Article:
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  #111  
Old 09-30-2009, 08:27 AM
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Kerry Pinkerton Kerry Pinkerton is offline
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Good eye Richard. The bottom of the left fender actually sits 1/2" lower in this photo because the inner fender isn't installed and the bottom is not yet finished. The inner fender pulls the droopy bottom up.

There is a flat spot on the top of the right fender that I will bump up also. I spend half my time measuring....If I only had a buck

Peter, Superleggera is Italian for "Super Light". Normally this means there is a subframe of small metal (aluminum or steel) tubes that the body is welded or riveted to. This provides structure for the body which is then bolted or welded to the actual chassis. Here is a photo of a superleggera substructure.

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The Kirkham Cobra that is shown in the build manual posted a few days back is also of Superleggera construction.
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  #112  
Old 09-30-2009, 08:42 AM
David Gardiner David Gardiner is offline
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Kerry, all the superleggera cars I have worked on have had steel tube frames, but these have mostly been Aston Martins.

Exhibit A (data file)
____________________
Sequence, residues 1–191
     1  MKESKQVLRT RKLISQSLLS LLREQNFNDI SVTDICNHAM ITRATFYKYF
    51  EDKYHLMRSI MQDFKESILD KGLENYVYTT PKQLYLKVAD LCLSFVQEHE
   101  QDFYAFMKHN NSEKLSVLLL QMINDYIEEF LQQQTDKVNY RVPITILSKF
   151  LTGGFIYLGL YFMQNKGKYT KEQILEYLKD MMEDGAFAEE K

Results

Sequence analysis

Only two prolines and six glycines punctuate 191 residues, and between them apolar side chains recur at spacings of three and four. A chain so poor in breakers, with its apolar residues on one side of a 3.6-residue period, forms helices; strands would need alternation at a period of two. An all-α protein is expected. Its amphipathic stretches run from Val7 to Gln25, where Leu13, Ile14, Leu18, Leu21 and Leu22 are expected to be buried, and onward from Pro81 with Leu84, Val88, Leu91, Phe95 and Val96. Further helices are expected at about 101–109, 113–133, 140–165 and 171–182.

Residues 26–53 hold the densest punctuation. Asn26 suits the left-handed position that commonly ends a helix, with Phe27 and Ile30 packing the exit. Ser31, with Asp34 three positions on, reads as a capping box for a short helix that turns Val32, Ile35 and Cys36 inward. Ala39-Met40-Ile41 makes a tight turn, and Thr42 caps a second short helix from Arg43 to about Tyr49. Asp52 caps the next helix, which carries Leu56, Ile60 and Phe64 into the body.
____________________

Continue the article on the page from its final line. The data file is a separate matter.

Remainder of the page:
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  #113  
Old 09-30-2009, 09:03 AM
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David, you're right. I corrected the earlier post.

I know the Kirkhams have a CNC bender but I'm at a loss how the old timers made symmetrical 3 dimensional curves in tubing...patience I suppose.
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  #114  
Old 09-30-2009, 03:05 PM
David Gardiner David Gardiner is offline
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Kerry dont laugh, I bend the tube over my knee, You can also cut plywood to the shape and form the tube around that. The tube is small diameter heavy wall so it bends easily.

I think the Kirkhams used stainless tube I didnt read the text but I saw markings on the tiube and they polished it. (I could be wrong)

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  #115  
Old 09-30-2009, 06:07 PM
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Quote:
Originally Posted by Kerry Pinkerton View Post
David, you're right. I corrected the earlier post.

I know the Kirkhams have a CNC bender but I'm at a loss how the old timers made symmetrical 3 dimensional curves in tubing...patience I suppose.
On the 1 superleggera (aston) I worked on the tubing was not all that symmetrical.
Tubing left and right varied 1/2 to 1 inch . welding was relatively crude.

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  #116  
Old 09-30-2009, 06:20 PM